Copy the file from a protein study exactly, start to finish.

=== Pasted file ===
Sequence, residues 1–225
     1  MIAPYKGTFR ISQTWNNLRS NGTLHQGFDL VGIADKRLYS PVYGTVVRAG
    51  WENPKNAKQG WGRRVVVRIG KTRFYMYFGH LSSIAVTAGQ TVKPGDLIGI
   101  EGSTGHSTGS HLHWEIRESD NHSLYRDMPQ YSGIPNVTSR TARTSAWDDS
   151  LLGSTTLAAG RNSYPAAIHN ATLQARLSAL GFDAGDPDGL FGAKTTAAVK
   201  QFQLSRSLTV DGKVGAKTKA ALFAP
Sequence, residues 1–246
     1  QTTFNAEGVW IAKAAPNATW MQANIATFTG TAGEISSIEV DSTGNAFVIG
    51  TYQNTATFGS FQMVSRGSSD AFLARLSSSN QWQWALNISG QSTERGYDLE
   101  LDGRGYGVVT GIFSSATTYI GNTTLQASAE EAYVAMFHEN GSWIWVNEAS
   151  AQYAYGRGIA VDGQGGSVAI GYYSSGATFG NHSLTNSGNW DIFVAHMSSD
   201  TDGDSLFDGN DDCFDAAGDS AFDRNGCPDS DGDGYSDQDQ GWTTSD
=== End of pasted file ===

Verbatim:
Sequence, residues 1–225
     1  MIAPYKGTFR ISQTWNNLRS NGTLHQGFDL VGIADKRLYS PVYGTVVRAG
    51  WENPKNAKQG WGRRVVVRIG KTRFYMYFGH LSSIAVTAGQ TVKPGDLIGI
   101  EGSTGHSTGS HLHWEIRESD NHSLYRDMPQ YSGIPNVTSR TARTSAWDDS
   151  LLGSTTLAAG RNSYPAAIHN ATLQARLSAL GFDAGDPDGL FGAKTTAAVK
   201  QFQLSRSLTV DGKVGAKTKA ALFAP
Sequence, residues 1–246
     1  QTTFNAEGVW IAKAAPNATW MQANIATFTG TAGEISSIEV DSTGNAFVIG
    51  TYQNTATFGS FQMVSRGSSD AFLARLSSSN QWQWALNISG QSTERGYDLE
   101  LDGRGYGVVT GIFSSATTYI GNTTLQASAE EAYVAMFHEN GSWIWVNEAS
   151  AQYAYGRGIA VDGQGGSVAI GYYSSGATFG NHSLTNSGNW DIFVAHMSSD
   201  TDGDSLFDGN DDCFDAAGDS AFDRNGCPDS DGDGYSDQDQ GWTTSD